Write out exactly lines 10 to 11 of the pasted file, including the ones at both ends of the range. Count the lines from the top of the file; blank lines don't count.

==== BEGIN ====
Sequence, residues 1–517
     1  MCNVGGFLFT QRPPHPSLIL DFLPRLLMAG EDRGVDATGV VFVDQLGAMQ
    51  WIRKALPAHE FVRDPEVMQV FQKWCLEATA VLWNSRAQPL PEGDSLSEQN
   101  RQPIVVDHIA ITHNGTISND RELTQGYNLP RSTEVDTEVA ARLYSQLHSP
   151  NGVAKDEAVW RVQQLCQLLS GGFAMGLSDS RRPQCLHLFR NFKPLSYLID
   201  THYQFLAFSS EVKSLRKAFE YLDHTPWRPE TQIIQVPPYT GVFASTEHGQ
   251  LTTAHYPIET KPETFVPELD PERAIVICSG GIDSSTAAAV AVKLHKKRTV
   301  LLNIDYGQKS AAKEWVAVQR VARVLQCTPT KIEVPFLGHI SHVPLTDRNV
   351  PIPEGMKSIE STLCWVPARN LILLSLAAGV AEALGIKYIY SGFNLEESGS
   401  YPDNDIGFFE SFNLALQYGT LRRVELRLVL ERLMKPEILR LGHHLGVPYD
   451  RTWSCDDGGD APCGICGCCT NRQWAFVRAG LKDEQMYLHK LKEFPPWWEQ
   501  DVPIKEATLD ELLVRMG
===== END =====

   401  YPDNDIGFFE SFNLALQYGT LRRVELRLVL ERLMKPEILR LGHHLGVPYD
   451  RTWSCDDGGD APCGICGCCT NRQWAFVRAG LKDEQMYLHK LKEFPPWWEQ